Today’s word of the day, thanks to Julia McCoy’s article, “34 of the Craziest Words in English” (https://expresswriters.com/34-craziest-words-english/), is malarkey. She says, “This refers to words that are insincere and talk that is particularly foolish. This is a word that we can thank the 1920s and 19030s for and it is still used by many people. It is a fun word to say, as well.” According to www.dictionary.com, the noun means, “speech or writing designed to obscure, mislead, or impress; bunkum.” According to www.etymonline.com, it means “lies and exaggerations, humbug,” and is first noted in English in “1924, American English, of unknown origin.” The website also says that the word is also an Irish surname, so it is possible that the word actually originated as a kind of slur. But in October of 2012, R. L. G., writing on the Johnson blog of The Economist, “Early American citations originate in Wisconsin, Indiana and San Francisco, not the most heavily Irish cities of Boston and New York. Did Irish influence on American English really spread that far that fast?”
But Ben Zimmer of Visual Thesaurus wrote October 12, 2012, “The word malarkey, meaning ‘insincere or exaggerated talk,’ originally found favor in Irish-American usage, though its exact origin remains unknown. We can likely thank a cartoonist of Irish descent, Thomas Aloysius Dorgan (“TAD” for short), for popularizing the word…. When Dorgan began using the word, its spelling wasn’t settled. In a cartoon of his that appeared on Mar. 9, 1922, the word Milarkey was used as a fictitious place name. Two years later, on April 2, 1924, he used the word Malachy, apparently with its nonsense meaning (‘Malachy – You said it – I wouldn’t trust a lawyer no further than I could throw a case of Scotch’) (https://www.visualthesaurus.com/cm/wordroutes/where-did-biden-get-his-bunch-of-malarkey/).
The discussion of malarkey came up in October of 2012 because then-Vice President Joe Biden used the word in a debate he had with Republican VP candidate Paul Ryan: “First, in responding to Ryan’s criticism of the Obama administration’s handling of last month’s attacks in Benghazi, he told Ryan, ‘With all due respect, that’s a bunch of malarkey.’ And then later, Biden euphemistically called Ryan’s rhetoric ‘a bunch of stuff’ before clarifiying [sic], ‘We Irish call it malarkey’” (ibid).
Joe Biden is now running for the Democratic nomination to run for president of the USA against Donald Trump. Things have not been going well for Biden—he finished fourth in the Iowa caucuses, and then he finished fifth in the New Hampshire primary. This is Biden’s third attempt at winning the Democratic nomination. He ran in 1988, but he dropped out of that race over charges of plagiarism—he plagiarized a speech by British politician Neil Kinnock. He also ran in 2008 against Barack Obama and Hillary Clinton, but he dropped out after a poor showing in Iowa.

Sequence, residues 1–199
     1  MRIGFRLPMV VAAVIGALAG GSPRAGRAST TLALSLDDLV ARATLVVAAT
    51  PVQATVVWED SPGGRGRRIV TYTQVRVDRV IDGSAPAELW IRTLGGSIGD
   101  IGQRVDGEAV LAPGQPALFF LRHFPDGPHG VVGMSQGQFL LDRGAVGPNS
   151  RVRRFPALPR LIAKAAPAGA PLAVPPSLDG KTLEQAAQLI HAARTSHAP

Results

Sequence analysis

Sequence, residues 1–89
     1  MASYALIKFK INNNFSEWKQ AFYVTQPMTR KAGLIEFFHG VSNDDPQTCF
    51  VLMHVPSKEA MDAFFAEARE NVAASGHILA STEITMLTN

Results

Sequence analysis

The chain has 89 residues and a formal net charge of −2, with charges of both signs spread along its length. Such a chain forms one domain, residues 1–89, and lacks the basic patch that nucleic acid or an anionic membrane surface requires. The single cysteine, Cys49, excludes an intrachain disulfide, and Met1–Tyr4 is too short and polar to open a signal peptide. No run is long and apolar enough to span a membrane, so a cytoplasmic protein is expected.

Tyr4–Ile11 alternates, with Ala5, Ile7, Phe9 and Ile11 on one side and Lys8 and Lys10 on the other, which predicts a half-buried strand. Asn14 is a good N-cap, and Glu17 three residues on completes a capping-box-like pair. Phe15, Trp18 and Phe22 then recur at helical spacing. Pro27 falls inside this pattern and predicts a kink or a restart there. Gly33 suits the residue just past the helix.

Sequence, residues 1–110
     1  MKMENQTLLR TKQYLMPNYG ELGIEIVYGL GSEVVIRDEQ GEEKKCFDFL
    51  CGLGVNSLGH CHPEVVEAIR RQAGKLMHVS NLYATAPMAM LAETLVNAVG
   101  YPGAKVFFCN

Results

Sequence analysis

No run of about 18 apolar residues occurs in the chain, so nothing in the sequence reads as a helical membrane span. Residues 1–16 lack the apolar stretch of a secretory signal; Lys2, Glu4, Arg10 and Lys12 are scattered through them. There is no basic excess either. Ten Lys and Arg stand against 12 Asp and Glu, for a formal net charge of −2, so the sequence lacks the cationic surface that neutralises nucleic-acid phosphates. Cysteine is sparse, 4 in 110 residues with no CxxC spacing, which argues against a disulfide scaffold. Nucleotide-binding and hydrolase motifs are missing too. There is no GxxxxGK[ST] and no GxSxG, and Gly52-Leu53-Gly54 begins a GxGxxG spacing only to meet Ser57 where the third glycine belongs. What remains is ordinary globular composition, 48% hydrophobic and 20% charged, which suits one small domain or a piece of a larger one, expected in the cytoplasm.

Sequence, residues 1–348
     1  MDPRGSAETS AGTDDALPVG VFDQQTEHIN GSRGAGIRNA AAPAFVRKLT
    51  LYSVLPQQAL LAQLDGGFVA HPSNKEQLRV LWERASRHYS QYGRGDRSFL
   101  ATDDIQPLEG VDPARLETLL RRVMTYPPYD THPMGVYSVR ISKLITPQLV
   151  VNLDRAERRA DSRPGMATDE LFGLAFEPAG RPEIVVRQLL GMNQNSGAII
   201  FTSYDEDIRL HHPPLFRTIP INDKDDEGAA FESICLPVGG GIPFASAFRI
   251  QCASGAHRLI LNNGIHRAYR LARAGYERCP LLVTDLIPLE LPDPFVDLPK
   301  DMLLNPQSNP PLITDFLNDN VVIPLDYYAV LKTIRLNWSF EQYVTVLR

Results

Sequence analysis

Biden has called himself “a gaffe machine” (a gaffe is a “social blunder,” according to www.dictionary.com). There is an article on the Newsweek segment about all his gaffes. Here’s a sampling (https://www.newsweek.com/joe-biden-gaffes-quotes-2020-election-1323905):
At an Illinois campaign rally in 2008, Biden said: “This election year, the choice is clear. One man stands to deliver change we desperately need. A man I’m proud to call my friend. A man who will be the next president of the United States—Barack America!”
In 2009, Politico reported that Biden was overheard making this comment to the then Ukrainian President Viktor Yushchenko: “I cannot believe that a French man visiting Kiev went back home and told his colleagues he discovered something and didn’t say he discovered the most beautiful women in the world. That’s my observation.”
In a 2012 speech on foreign policy, Biden praised President Obama’s approach to diplomacy.
“Now is the time to heed the timeless advice from Teddy Roosevelt: ‘Speak softly and carry a big stick.’ End of quote,” Biden said. “I promise you, the president has a big stick.”
At [a] reception for … Enda Kenny in 2012, Biden said, “You know there’s an old Irish saying, there’s all kinds of old Irish sayings.
“My grandfather Finnegan, I think he made them up. But uh, it says, may the hinges of our friendship never go rusty.
“Well, with these two folks that you’re about to meet if you haven’t already, there’s no doubt about them staying oiled and lubricated here, ladies and gentlemen.”
In the current campaign, Biden said “at an Asian and Latino Coalition Town Hall and conflated low-income students with racial minorities.
‘Poor kids are just as bright and just as talented as white kids —‘Biden said, before quickly correcting himself, ‘— wealthy kids, black kids, Asian kids.’”
“Biden misspoke again, saying Democrats like him choose ‘truth over facts,’ in what was muddled version of a standard campaign refrain.”
It may be that Joe Biden will win the Democratic nomination this time around, but I doubt it. You see, even without all those gaffes, Biden, like virtually all politicians, is full of malarkey.
The photo came from the L.A. Times and shows Biden getting off his bus.